5 Things I Wish I Knew Before Becoming a Teacher

5 Things I Wish I Knew Before Becoming a Teacher
Future teachers should prepare for unexpected challenges—many of which they can only encounter in the classroom. Image from Unsplash
Jennifer Craven profile
Jennifer Craven October 14, 2019

Because, like anything worthwhile, it didn't come with a manual.

Article continues here

So, you want to go into teaching? Whether it’s at an elementary school, high school, or within higher education, teaching careers are sought out for so many reasons. Unlike many, I didn’t always plan to be a teacher. It wasn’t until midway through college when I envisioned sharing my passions and imparting my wisdom on the next generation and helping them prepare them for life beyond college. So, I decided that the classroom was where I wanted to spend my career.

What I didn’t anticipate was the plethora of unexpected experiences and challenges that come with being a teacher. Looking back, I was grossly naive about what makes being a teacher so much more than just teaching. Here are just a few things I wish I had known about before the start of my teaching journey.

1. You’ll never have enough time for planning.

As much as you know your subject matter, it’s unadvised (and likely frowned upon) to “wing it” in the classroom. Teaching requires a massive amount of planning. Many teachers are required to submit their lesson plans in advance for approval, and must continually adapt and update regularly.

In today’s world of active learning, teachers also need to get creative. Let’s face it, students—whether they’re 8 or 18—only have a limited attention span, which continually challenges teachers to find new ways to keep the classroom engaging. Whether that means developing interactive lessons and activities or creating PowerPoint presentations for lectures, the time you’ll need for planning adds up.



University and Program Name Learn More

2. Your work extends (far) outside of the classroom.

In addition to course prep, there’s a great deal of administrative work that goes into teaching. Think about it: for every fantastic assignment you create, hours of grading come along with it. Similarly, teachers often are required to attend in-service training, meetings, field trips, conferences, and professional development seminars.

Much of my daily routine involves answering emails, analyzing data, and meeting with students one-on-one. The notion of teaching being all about the classroom is a farce—teachers do so much more.

3. You’ll have countless opportunities to make a difference.

You probably remember a teacher who made an impact on your schooling experience. Why was that? Did they go out of his way to help you? Did they genuinely care about your success? Teaching allows you the opportunity to shape an individual for the better. Students young and old have lives outside the classroom—hardships, traumas, emotional needs, and other unique circumstances—which affect not only their learning but their self-image and approach to the world.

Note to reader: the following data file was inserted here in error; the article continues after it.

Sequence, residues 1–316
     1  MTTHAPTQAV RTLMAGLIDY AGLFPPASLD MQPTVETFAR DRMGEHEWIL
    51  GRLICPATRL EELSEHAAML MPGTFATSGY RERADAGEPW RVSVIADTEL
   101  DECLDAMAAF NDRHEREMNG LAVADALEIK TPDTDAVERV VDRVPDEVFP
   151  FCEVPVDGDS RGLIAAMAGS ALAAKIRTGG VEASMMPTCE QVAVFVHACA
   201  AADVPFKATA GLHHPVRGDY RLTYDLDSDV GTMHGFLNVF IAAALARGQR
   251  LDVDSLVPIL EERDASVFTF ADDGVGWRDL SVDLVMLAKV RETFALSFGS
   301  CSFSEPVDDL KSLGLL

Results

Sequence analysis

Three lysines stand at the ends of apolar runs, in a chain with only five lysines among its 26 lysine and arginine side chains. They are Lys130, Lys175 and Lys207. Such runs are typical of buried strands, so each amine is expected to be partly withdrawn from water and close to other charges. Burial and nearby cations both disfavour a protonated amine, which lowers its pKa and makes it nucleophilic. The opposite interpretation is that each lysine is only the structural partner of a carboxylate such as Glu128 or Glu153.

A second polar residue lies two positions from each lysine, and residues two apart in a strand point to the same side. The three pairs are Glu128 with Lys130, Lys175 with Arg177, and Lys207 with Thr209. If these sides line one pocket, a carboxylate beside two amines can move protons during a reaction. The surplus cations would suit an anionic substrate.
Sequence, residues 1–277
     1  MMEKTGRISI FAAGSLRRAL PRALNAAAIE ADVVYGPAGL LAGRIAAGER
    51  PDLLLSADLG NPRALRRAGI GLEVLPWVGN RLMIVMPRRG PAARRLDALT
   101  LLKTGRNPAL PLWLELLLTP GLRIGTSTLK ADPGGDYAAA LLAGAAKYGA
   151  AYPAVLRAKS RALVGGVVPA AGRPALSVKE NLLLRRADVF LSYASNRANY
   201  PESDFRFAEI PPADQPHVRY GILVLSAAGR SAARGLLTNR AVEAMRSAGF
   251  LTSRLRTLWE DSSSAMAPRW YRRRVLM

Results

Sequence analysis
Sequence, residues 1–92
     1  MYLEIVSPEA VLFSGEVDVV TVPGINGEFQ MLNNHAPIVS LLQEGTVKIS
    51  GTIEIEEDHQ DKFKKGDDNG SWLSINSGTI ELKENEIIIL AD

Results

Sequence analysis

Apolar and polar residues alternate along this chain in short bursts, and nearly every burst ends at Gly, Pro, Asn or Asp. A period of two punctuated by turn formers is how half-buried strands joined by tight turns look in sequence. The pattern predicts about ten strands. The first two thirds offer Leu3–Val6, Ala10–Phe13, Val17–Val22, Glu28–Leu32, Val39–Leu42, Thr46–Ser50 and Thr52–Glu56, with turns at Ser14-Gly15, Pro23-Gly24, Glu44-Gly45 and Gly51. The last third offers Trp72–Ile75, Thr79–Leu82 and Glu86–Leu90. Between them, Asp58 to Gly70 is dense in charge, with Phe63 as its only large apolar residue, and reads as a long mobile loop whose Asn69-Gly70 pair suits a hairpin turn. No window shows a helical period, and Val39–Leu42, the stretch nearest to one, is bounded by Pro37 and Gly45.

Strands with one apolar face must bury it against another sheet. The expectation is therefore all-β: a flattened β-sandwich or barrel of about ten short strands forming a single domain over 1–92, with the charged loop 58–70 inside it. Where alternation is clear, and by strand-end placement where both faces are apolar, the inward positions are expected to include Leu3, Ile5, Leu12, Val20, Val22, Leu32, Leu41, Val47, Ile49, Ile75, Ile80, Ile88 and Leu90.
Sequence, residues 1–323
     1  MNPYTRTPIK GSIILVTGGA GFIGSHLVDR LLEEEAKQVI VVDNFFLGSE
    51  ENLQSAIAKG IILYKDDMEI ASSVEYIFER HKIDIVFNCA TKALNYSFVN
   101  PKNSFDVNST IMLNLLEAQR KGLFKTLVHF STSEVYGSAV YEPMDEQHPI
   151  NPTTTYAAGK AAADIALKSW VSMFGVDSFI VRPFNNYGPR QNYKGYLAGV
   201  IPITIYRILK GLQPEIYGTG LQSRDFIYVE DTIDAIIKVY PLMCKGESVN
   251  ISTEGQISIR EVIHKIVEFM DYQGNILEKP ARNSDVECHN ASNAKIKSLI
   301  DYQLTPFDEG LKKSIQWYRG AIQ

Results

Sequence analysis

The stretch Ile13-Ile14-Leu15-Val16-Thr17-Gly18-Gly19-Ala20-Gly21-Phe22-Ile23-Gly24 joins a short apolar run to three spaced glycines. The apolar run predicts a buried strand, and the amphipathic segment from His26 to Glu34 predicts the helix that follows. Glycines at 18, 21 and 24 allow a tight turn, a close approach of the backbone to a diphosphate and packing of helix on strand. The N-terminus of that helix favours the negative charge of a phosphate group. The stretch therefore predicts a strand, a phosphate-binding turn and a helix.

I was surprised by how much I would have to navigate and consider students’ personal lives as a teacher. If you can handle the challenge, you’re more likely to have a lengthy and successful career.

4. You’ll form deep and lasting connections.

Speaking of that impact, it will last longer than you think. I never expected to form lasting connections with students that would continue after they graduated. To this day, many of my former students keep in touch through email or social media and continually check in with me about their lives.

Just recently, one emailed to say they’d received a promotion! They’re also quick to get in touch when they have plans to be near campus and would like to say hello. It’s not uncommon to receive thank you notes at the end of the year filled with words of gratitude—something that only reinforces my choice of profession.

5. Your students will teach you, too.

Many teachers feel drawn to this career due to their love of learning. I am always surprised by how often my students teach me about things I wouldn’t otherwise know about, whether it’s culturally, demographically, or even within my field of study. The world is continuously changing and evolving, and the classroom is a continual opportunity for me to learn from those who may have a different perspective on it.

One of the most unanticipated aspects of being a teacher is really how little teaching is actually about teaching. Sounds, contradictory, right? But that’s proof that the education profession is widely encompassing. Future teachers should prepare for unexpected challenges—many of which they can only encounter in the classroom. But, but by having a good idea of what teaching is like, they can be ahead of the curve.

Jennifer Craven has taught at the college level for the past 10 years. She is currently an instructor at Mercyhurst University in Erie, PA. In addition to teaching, she is a freelance writer, specializing in parenting, lifestyle, and fashion industries.

How useful is this page?

Click on a star to rate it!

Since you found this page useful...mind sharing it?

We are sorry this page was not useful for you!

Please help us improve it

How can this content be more valuable?

Questions or feedback? Email editor@noodle.com

About the Editor

Tom Meltzer spent over 20 years writing and teaching for The Princeton Review, where he was lead author of the company's popular guide to colleges, before joining Noodle.

To learn more about our editorial standards, you can click here.


You May Also Like To Read

Categorized as: TeachingEducation & Teaching